Afghan women fear peace plans will reverse rights

KABUL: Farida Tarana defied age-old Afghan tradition, death threats and sexual discrimination to become a pop star and later the public face of post-Taliban women’s politics.

Now a local legislator, she is a prominent example of the progress Afghan women have made since the 2001 overthrow of the radical regime that barred them from education and working outside their homes.

But as President Hamid Karzai airs plans to mediate with insurgents who have waged war since being forced from power in 2001, Tarana and other Afghan women fear any reconciliation could reverse their hard-won gains.

“I want peace but not at the cost of women’s freedom,” Tarana told AFP.

Tarana’s journey from repression to freedom began in 2005 when she shot to stardom in television talent show “Afghan Star”, the local version of “American Idol”, representing the western province of Herat.

With desperate love melodies and upbeat pop songs she became popular among young Afghans for her talent and bravery, but stirred up violent opposition among conservative Islamic circles and extremist groups who accused her of breaching Afghanistan’s religious and cultural traditions.

“Not only conservative groups but my own relatives, my cousins, my uncles, everybody was opposing me, everybody was telling me that I shouldn’t do it,” Tarana said of her stint on “Afghan Star”.

“They even threatened to kill me,” she told AFP.

The anonymous telephone death threats only made her more ambitious and determined to consolidate her musical career, which she did by recording new songs that helped make her both famous and rich.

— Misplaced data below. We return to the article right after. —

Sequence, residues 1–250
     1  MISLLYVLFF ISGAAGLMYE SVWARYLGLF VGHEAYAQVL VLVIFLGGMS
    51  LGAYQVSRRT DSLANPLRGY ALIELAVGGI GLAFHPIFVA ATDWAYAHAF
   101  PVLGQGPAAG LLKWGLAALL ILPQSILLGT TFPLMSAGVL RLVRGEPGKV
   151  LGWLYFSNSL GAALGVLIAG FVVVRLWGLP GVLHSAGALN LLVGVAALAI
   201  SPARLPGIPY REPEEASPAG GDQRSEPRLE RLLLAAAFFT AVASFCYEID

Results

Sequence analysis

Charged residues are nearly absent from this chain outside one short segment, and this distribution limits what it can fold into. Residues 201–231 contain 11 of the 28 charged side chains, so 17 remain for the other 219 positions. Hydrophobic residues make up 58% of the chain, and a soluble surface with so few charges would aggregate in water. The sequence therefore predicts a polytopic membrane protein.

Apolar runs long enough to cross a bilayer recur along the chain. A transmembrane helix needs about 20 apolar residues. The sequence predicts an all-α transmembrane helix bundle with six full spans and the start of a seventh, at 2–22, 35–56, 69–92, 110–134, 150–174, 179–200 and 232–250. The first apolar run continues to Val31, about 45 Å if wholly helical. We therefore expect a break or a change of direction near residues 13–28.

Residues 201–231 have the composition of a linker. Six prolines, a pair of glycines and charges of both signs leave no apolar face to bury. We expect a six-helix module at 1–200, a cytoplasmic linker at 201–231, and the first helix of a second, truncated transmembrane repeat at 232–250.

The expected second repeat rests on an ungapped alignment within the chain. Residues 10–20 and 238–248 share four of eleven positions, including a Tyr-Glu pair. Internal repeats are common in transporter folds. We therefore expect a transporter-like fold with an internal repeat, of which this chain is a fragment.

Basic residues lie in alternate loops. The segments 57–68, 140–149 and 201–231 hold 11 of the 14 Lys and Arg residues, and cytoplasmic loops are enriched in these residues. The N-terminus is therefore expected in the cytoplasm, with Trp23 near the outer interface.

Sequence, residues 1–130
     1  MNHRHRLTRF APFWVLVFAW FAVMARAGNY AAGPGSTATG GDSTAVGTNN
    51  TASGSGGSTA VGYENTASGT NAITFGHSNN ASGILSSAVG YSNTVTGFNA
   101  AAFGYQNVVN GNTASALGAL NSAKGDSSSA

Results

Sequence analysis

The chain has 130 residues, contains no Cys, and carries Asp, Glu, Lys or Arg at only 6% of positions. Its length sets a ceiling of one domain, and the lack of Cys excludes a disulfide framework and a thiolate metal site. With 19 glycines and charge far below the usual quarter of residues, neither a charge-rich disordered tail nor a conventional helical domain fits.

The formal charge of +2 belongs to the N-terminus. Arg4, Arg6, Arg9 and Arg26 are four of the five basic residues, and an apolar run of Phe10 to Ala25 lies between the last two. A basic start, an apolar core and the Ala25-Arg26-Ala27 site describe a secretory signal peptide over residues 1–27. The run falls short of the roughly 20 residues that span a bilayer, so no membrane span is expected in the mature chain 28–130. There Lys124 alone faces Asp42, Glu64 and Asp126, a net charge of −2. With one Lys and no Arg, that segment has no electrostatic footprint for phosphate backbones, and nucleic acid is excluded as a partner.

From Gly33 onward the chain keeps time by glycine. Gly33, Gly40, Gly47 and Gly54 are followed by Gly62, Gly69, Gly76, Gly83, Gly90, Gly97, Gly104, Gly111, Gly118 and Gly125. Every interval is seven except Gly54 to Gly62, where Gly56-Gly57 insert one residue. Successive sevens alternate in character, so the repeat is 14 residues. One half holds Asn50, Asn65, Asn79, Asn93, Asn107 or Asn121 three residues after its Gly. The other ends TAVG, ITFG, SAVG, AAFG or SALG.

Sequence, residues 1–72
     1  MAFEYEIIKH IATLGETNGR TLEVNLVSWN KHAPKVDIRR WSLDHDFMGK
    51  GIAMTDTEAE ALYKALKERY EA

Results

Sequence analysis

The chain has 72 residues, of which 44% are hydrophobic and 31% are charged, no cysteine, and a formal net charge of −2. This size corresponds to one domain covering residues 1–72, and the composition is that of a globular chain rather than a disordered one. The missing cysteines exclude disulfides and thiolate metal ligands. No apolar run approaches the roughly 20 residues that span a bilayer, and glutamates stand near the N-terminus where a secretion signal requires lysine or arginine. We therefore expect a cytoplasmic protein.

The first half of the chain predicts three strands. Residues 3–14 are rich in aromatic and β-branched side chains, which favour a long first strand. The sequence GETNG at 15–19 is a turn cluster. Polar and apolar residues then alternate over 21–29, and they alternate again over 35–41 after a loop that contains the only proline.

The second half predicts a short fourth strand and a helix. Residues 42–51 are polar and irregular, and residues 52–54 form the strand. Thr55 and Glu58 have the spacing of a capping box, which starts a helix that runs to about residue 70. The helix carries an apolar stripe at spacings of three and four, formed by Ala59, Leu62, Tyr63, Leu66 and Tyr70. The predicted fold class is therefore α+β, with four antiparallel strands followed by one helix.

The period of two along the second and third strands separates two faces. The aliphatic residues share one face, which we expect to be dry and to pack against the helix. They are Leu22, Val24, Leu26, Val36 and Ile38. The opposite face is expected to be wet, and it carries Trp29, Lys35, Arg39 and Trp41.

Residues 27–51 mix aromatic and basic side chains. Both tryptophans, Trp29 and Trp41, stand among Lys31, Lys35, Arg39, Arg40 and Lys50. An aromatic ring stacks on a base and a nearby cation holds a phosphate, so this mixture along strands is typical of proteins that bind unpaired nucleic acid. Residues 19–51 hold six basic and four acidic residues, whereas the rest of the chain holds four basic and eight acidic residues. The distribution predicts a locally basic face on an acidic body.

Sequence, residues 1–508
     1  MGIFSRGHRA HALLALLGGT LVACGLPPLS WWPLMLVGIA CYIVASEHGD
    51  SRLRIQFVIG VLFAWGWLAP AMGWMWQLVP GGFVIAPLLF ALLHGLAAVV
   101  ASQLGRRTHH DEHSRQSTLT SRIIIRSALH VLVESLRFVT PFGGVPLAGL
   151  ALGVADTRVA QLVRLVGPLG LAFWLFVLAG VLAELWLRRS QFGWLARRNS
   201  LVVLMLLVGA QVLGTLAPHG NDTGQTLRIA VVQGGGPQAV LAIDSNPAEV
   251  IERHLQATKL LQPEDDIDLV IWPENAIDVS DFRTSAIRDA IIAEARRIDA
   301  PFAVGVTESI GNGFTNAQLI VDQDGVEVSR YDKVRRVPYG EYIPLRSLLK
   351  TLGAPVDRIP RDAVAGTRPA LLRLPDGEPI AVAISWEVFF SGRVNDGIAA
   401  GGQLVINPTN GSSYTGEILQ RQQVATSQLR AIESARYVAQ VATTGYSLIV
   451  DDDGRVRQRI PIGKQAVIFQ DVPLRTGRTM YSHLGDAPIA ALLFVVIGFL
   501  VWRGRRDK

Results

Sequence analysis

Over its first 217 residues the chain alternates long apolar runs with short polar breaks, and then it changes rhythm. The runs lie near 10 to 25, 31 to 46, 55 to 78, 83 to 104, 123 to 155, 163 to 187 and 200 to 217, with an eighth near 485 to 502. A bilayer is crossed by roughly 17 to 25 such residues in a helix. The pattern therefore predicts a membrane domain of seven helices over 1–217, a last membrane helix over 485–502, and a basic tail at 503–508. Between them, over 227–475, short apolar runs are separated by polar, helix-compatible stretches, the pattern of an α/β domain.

“It was not easy,” Tarana, aged in her late 20s, said of her decision to become a singer. “People (in Afghanistan) don’t like women to sing.

“Becoming a politician who sings was even harder.”

Tarana stood for a seat on the Kabul provincial council — one of 34 local legislatures nationwide — in elections held last August at the same time as a presidential poll that became mired in scandal and fraud.

Vying for one of 29 seats against 524 candidates, she secured 8,421 votes, the second highest.

Emboldened, she is now looking at standing for national parliament in elections due in September.

The 1996-2001 Taliban regime barred Afghan women from all public activities, including school. They could only leave home accompanied by a male relative and were routinely beaten in public and even stoned to death for perceived breaches of Islamic law.

Now, under the Afghan constitution, women are equal to men.

Nevertheless, women’s groups say they remain the most marginalised and underprivileged group in the country, subject to violence and discrimination in the name of Afghan tradition.

And as they fight to apply constitutional guarantees to the reality of their daily lives, some voice concerns that Karzai may be forced to compromise on women’s rights in return for cooperation from Taliban leaders.

At a conference in London attended by around 70 countries and international organisations to map out a plan for Afghanistan’s future, Karzai outlined proposals that could see Taliban leaders invited to share power.

“The memory of the Taliban time is still alive in the minds of Afghan women,” said Sabrina Saqeb, a women’s rights activist and member of parliament.

“I think first of all the new (peace) programme will not succeed because it doesn’t have the backing of the people.

“But let’s say it does succeed, Afghan women will suffer greatly,” she said.

“I think if the Taliban are brought back, the democracy we have achieved will be pushed backwards,” Saqeb said, adding: “I’m afraid of them, I feel it in my heart and in my soul.”

But Shukria Barakzai, another lawmaker and leading rights activist, said she is optimistic about Karzai’s peace programme and believes the Taliban will change once reconciled.

“I think change is possible,” she told AFP.

“Look at Mullah (Abdul Salam) Rocketi — he was a Taliban, he opposed women working outside the home,” she said, referring to a former Taliban leader now a parliamentarian.

“But today he sits next to me in the parliament, he has changed.”


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